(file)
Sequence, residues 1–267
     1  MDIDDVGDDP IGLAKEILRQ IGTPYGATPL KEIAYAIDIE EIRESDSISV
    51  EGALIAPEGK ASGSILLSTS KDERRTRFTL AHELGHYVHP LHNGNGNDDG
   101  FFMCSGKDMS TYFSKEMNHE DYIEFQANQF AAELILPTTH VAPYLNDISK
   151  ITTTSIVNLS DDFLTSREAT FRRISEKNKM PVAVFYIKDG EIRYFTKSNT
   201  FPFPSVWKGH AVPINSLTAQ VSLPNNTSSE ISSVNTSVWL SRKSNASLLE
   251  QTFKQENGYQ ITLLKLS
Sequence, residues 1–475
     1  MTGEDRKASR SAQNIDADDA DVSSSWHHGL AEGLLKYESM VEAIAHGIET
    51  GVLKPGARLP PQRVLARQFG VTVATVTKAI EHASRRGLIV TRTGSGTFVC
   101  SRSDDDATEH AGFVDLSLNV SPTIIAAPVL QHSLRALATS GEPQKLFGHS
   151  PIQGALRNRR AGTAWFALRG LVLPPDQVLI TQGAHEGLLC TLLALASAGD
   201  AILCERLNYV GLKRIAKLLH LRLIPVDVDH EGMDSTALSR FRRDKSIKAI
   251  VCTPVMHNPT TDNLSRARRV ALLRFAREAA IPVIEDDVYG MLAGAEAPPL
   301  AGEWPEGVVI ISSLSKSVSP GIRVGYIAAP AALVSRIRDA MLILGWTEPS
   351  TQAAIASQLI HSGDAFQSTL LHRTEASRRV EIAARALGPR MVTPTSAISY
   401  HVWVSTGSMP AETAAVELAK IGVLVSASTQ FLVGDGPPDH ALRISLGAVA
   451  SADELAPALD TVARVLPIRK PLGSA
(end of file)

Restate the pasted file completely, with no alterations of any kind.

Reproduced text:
Sequence, residues 1–267
     1  MDIDDVGDDP IGLAKEILRQ IGTPYGATPL KEIAYAIDIE EIRESDSISV
    51  EGALIAPEGK ASGSILLSTS KDERRTRFTL AHELGHYVHP LHNGNGNDDG
   101  FFMCSGKDMS TYFSKEMNHE DYIEFQANQF AAELILPTTH VAPYLNDISK
   151  ITTTSIVNLS DDFLTSREAT FRRISEKNKM PVAVFYIKDG EIRYFTKSNT
   201  FPFPSVWKGH AVPINSLTAQ VSLPNNTSSE ISSVNTSVWL SRKSNASLLE
   251  QTFKQENGYQ ITLLKLS
Sequence, residues 1–475
     1  MTGEDRKASR SAQNIDADDA DVSSSWHHGL AEGLLKYESM VEAIAHGIET
    51  GVLKPGARLP PQRVLARQFG VTVATVTKAI EHASRRGLIV TRTGSGTFVC
   101  SRSDDDATEH AGFVDLSLNV SPTIIAAPVL QHSLRALATS GEPQKLFGHS
   151  PIQGALRNRR AGTAWFALRG LVLPPDQVLI TQGAHEGLLC TLLALASAGD
   201  AILCERLNYV GLKRIAKLLH LRLIPVDVDH EGMDSTALSR FRRDKSIKAI
   251  VCTPVMHNPT TDNLSRARRV ALLRFAREAA IPVIEDDVYG MLAGAEAPPL
   301  AGEWPEGVVI ISSLSKSVSP GIRVGYIAAP AALVSRIRDA MLILGWTEPS
   351  TQAAIASQLI HSGDAFQSTL LHRTEASRRV EIAARALGPR MVTPTSAISY
   401  HVWVSTGSMP AETAAVELAK IGVLVSASTQ FLVGDGPPDH ALRISLGAVA
   451  SADELAPALD TVARVLPIRK PLGSA